We know that what children need to learn in mathematics today is vastly different from what they needed to learn only a few years ago.  Computation, basic math skills, and memorizing formulas remain important, but math proficiency today is all about understanding and application.  Students must be able to connect mathematics to other subjects and the real world….”

I found myself scratching my head that until today, apparently, understanding and connecting math to the real world wasn’t as important?!  I don’t think that’s what the writer really meant….was it?!

I know when we used Math-U-See,  Steve Demme had shared how some of his students in class knew the basic operations, but not when to use them.  Both are important! 

A few paragraphs later:

Schools in the United States traditionally teach mathematics an inch deep and a mile wide while schools in other countries teach for a deeper understanding.  We can no longer teach as we have always taught.  Today’s children must be able to apply mathematics skills to everyday situations; they must know how, when and why to do it.

Again, I find myself wondering…what have they been teaching?  And up until recently we haven’t taught this way?

I think if we look at the history of education, someone may find that 100+ years ago math was taught quite differently in our schools.  A quick look at Ray’s Arithmetics, which were finished in 8th grade, would show that they knew their math waaaayyyyy better than most college bound seniors today!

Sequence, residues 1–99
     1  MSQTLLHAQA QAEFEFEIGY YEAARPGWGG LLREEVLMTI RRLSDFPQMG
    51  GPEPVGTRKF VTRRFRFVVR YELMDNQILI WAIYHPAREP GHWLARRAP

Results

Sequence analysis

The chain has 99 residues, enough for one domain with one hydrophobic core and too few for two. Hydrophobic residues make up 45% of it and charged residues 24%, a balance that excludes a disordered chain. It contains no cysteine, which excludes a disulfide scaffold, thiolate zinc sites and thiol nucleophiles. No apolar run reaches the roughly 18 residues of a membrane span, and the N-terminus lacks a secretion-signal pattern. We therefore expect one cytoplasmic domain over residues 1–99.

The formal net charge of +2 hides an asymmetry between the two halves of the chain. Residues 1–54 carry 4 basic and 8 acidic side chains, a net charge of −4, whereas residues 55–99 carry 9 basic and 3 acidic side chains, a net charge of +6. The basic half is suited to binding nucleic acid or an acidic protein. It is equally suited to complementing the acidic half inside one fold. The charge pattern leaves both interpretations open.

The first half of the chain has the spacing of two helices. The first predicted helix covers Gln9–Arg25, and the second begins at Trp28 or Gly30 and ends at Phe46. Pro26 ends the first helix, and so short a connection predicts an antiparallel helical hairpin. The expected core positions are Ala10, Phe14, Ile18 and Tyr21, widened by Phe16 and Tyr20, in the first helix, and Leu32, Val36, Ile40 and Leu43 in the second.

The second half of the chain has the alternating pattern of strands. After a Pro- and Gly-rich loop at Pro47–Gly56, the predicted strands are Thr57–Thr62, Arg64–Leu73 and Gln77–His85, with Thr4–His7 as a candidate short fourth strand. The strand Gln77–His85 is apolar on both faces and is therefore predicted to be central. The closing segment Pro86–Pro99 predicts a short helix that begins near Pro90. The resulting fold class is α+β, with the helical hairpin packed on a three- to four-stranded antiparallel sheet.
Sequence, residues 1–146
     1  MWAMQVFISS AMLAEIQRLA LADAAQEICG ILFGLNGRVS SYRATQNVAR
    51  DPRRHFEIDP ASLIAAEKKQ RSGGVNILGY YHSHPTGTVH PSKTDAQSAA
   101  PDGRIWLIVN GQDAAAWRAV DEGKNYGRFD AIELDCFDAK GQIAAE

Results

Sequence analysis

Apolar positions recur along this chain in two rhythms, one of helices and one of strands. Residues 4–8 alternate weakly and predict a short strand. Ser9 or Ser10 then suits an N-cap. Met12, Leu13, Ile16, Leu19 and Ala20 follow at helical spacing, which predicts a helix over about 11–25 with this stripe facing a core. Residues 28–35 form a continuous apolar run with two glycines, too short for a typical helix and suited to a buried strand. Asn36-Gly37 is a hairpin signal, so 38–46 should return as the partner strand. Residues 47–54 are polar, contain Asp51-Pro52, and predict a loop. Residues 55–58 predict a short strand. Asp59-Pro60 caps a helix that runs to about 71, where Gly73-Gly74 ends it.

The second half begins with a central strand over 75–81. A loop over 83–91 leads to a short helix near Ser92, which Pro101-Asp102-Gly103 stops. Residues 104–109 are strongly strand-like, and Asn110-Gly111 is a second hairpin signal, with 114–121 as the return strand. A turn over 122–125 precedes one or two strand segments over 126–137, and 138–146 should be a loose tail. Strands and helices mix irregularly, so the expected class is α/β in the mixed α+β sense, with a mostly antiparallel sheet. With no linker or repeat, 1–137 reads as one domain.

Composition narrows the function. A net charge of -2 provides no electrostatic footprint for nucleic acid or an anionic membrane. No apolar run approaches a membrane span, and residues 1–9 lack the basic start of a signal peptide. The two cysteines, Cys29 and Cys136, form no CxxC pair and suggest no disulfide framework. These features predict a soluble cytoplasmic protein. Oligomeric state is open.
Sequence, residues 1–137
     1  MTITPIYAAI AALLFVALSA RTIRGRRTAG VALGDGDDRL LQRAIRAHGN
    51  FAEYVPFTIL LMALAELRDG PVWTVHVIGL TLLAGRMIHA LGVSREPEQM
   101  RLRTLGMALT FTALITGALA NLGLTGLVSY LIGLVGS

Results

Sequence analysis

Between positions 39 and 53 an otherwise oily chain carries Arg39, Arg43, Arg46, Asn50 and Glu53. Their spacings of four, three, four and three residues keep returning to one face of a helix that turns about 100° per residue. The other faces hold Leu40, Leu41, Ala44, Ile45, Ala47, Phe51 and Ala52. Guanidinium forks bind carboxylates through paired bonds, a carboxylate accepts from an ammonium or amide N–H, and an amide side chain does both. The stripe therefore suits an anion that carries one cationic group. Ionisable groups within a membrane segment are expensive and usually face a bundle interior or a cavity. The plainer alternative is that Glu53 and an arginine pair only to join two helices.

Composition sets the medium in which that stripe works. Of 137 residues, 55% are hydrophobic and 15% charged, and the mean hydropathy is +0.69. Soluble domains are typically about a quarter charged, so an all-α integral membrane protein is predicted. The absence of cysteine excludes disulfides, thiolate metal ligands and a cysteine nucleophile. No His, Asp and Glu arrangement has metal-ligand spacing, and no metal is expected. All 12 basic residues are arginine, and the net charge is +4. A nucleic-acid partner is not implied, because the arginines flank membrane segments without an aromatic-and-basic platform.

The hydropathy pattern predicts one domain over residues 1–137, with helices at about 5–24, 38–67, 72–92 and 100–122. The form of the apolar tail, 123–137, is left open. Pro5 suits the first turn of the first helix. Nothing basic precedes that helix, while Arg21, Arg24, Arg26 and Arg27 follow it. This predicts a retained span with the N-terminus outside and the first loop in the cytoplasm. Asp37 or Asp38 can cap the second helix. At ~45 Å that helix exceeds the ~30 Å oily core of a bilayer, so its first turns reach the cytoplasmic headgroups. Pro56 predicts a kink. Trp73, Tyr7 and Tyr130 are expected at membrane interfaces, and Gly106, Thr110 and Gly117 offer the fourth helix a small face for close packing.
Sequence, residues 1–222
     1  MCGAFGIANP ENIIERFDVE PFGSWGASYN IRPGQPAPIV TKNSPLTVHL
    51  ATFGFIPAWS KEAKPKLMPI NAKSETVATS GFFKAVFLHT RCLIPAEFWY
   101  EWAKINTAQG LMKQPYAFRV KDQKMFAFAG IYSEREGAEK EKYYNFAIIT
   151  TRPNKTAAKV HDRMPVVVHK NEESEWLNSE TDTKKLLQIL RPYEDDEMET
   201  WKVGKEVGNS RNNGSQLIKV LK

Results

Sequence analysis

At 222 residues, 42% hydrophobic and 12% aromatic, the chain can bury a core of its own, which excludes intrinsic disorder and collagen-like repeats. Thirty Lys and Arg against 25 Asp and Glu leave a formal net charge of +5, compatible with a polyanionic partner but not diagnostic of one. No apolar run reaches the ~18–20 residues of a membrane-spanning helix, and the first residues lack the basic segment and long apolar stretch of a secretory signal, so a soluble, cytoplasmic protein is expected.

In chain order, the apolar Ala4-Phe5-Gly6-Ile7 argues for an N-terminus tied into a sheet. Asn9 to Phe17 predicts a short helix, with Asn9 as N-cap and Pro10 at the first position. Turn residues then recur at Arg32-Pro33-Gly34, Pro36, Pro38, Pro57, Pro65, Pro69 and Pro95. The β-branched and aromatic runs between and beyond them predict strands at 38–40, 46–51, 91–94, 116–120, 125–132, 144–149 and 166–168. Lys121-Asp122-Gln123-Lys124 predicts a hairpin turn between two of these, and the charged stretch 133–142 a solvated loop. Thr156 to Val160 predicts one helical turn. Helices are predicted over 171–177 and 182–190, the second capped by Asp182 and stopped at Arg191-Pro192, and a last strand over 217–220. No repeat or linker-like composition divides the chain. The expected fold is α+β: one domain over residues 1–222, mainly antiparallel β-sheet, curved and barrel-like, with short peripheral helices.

I agree that schools teach math (and other subjects) an inch deep and a mile wide–it’s the nature of the system.  There have certainly been strides in many schools to change some of that, but quite frankly, you can only do so much when you have a student for 1 hour a day, in a class of 20-30 students with all their varying degrees of need and abilities of understanding.  I have learned from teaching piano that you can’t go home with the student and motivate them–especially if they don’t have the support at home.  I really feel for public school teachers who really care and try–they have a hard job!

I think the acknowledgement of needing to teach math differently and make sure it applies is commendable. 

I also think homeschoolers have been doing this for a long time!  

I am perpetually “behind” in math, it seems, yet my children have always seemed to have a strong conceptual understanding.   I always felt if I had to err on one end of it or the other, knowing the when and why was a bit more important than speed. 

Soon I’ll be reviewing a new math program we are trying and are really liking!  One that I believe fits the criteria the article in our local school’s mini-magazine is looking for, but this one was developed by a homeschooling mom for use by homeschoolers (although those wanting extra help remediating math could use it, too!)  Stay tuned in a few weeks for the review!

It was funny how the captions to the pictures all involved math–a young man saying how music helps him with his math, another saying, “Believe it or not, there’s a lot of math involved in sewing!”

Not news to us!  :D

I’m not knocking the school–kudos to them for trying to do a better job.

It just makes me feel good to be able to homeschool and be on the cutting edge–even ahead of the public school!

I think I might keep this one and put it in my “Why I Homeschool” file!   If I’m ever questioned, I can show how we were doing this before it was the “going thing”! 

Isn’t it nice to know the public schools are catching up to us?!   ;)